Business Standard

'We need to strike a balance in the SEP wars'

Dev Robinson & Manisha Singh 

Dev Robinson

A standard essential patent (SEP) has no special rights over a regular patent. The rights are abridged because a declaration needs to be signed by standard contributors obliging them to offer licences to implementers, and by necessary implication, to not stop them with injunctions. The licence must be fair, reasonable and non-discriminatory (FRAND). It is the objective of any standard setting organisation to have the standard adopted and not stymied through hold-ups.

An implementer is, therefore, required to pay royalty when offered a license. If the implementer refuses, the undertaking falls away and an injunction becomes due. It can never be the intention that a contributor should not be recompensed for his contribution.

Simple as this may sound, it's on the implementation of these principles that disputes arise. The root is excessive royalty demand. When parties cannot agree, a contributor seeks an injunction against an 'unwilling licensee'. Conversely, an implementer may claim or counterclaim abuse of rights, over-leveraging or breach of FRAND commitments.

The challenges in FRAND licensing in India arise from the number and frequency of injunctions that have been granted. The general perception seems to be that Indian implementers are 'unwilling licensees' and that the contributors' demands and conduct leading up to a dispute is not unreasonable or abusive. Most findings in disputes have been summary when the issues are complex.

It has long been recognised that leveraging intellectual property rights (IPRs) can have competition law implications. IPRs may be abused, resulting in undue enrichment. So well established is this position that even the Trade-Related Aspects of Intellectual Property Rights, TRIPS, agreement provides for it. So sensitive is the issue of injunctions that in some jurisdictions, even moving a court for injunctive relief is considered abusive.

Some of the issues that require immediate resolution are: What is the value of a patent or portfolio; what is the overall money value of a standard and how to apportion; what are the obligations of an SEP contributor and when are they discharged; can injunctions be permitted to hold up a standard; and, is it only for the SEP holder to decide FRAND or whether it is obliged to make details available. Some of the basic concepts of FRAND and abuse of IPRs remain unaddressed. The approach taken is simplistic in that the Indian implementers are equated to counterfeiters who need to be restrained by injunctions.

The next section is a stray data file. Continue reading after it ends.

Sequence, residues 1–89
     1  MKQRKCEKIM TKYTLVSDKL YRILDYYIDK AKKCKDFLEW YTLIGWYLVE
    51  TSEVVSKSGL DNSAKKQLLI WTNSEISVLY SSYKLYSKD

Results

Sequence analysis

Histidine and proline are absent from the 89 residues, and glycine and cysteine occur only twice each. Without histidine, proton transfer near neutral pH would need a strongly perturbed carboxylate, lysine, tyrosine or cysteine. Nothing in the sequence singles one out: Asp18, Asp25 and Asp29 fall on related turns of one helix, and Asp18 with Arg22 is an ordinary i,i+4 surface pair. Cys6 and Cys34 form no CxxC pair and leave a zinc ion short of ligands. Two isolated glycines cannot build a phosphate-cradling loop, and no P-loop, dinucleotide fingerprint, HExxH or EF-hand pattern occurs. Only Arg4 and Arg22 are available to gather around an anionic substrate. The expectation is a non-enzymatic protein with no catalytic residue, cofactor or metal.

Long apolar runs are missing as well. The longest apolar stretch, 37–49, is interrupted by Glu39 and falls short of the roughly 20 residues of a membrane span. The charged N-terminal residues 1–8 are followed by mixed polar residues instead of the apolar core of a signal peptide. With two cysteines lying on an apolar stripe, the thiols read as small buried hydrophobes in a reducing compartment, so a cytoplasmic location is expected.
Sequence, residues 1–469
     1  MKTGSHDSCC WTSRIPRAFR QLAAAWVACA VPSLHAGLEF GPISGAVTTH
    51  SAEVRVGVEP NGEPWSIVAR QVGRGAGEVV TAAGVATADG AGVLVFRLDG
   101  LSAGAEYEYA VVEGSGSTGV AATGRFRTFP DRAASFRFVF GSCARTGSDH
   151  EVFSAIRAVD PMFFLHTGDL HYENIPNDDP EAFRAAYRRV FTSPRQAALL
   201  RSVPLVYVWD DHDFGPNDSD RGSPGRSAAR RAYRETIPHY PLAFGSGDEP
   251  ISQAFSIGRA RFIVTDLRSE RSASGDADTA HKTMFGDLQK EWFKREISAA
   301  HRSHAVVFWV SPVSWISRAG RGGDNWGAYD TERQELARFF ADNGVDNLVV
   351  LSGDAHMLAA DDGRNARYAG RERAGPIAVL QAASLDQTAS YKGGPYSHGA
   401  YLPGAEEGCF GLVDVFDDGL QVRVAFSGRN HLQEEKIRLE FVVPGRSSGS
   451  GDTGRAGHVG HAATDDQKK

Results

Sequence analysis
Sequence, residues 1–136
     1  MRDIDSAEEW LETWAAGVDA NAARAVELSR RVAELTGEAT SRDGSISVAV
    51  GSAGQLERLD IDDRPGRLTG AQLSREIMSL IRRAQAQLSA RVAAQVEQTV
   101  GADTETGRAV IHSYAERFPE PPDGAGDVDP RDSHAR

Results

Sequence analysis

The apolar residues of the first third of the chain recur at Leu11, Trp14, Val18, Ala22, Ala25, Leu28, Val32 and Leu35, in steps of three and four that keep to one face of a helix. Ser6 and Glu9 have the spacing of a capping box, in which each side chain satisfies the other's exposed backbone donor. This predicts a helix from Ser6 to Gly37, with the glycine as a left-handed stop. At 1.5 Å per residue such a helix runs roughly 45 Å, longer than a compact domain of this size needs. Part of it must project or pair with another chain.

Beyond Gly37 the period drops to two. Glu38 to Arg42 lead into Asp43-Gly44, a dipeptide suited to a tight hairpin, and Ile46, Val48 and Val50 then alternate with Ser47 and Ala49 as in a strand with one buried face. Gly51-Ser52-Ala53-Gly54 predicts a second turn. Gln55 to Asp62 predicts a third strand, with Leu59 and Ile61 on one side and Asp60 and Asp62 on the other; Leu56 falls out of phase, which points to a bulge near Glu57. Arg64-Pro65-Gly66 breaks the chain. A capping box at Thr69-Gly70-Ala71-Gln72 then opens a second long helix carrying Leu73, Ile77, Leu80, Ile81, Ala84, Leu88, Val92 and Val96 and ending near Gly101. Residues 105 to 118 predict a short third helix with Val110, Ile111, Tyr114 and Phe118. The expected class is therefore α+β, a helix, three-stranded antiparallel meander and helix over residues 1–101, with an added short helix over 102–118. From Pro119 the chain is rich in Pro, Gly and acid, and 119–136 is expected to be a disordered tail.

Dev Robinson
National practice head (IPR), Shardul Amarchand Mangaldas & Co

'Indian courts consistent with global standards'

Manisha Singh
With the objectives of providing interoperable device, widespread adoption of technology, and promotion of competition in market, Standard Setting Organisations (SSOs) undertake the process of setting standards. When such standards are set, it is obvious many standards will be covered by patents. A patent that is technically indispensable to practice of standard is referred to as SEP. However, prior to standardising any technology (done by technical experts, without much knowledge of patents), SSOs seek irrevocable commitment from patentee to license the SEP on FRAND terms. Whenever a patentee enforces his SEP, many questions are raised not merely under the patent regime but also under the Competition Act, 2000 (patent in itself is considered a monopolistic right and when the patent becomes standard, it is alleged monopolistic right has been further monopolised).

Contrary to wide-spread public opinion, patent litigation in India involving SEP was not inaugurated with Ericsson enforcing its six patents against a series of mobile phone manufacturers. Unfortunately, the Indian cases are in limelight for the issue that courts have granted interim injunction against mobile phone manufacturers. However, looking at international precedents, it has been clearly held courts have the right to grant injunction in case the licencee:

n has not made an unconditional offer to conclude a licensing agreement, and

n has not complied with obligations to account for acts of use and to pay the sums resulting therefrom.

It can be clearly observed orders from the Indian courts are consistent with global standards. In most SEP litigations, the tussle between the parties is predominantly with respect to royalty rate, so the terms "fair and reasonable" as contained in the acronym FRAND have constantly been a subject matter of adjudication by courts.

While the US and European courts have adjudicated on these terms many times in the past, the Indian courts do not appear to have any such past experience. So, it will be interesting to watch out how Indian courts calculate the royalty rates that ensure widespread adoption of technology, promotion of competition and incentivising companies to invest in research & development (by ensuring a reasonable return). Having said so, with iBall and Ericsson entering into a Global Patent Licence Agreement and settling their dispute, Indian courts might have some guiding factor as to what may constitute FRAND royalty rate with regard to the remaining disputes.

Manisha Singh
Founder-partner, LexOrbis
The author was assisted in this piece by G Deepak Sriniwas, partner, LexOrbis

First Published: Sun, December 20 2015. 21:35 IST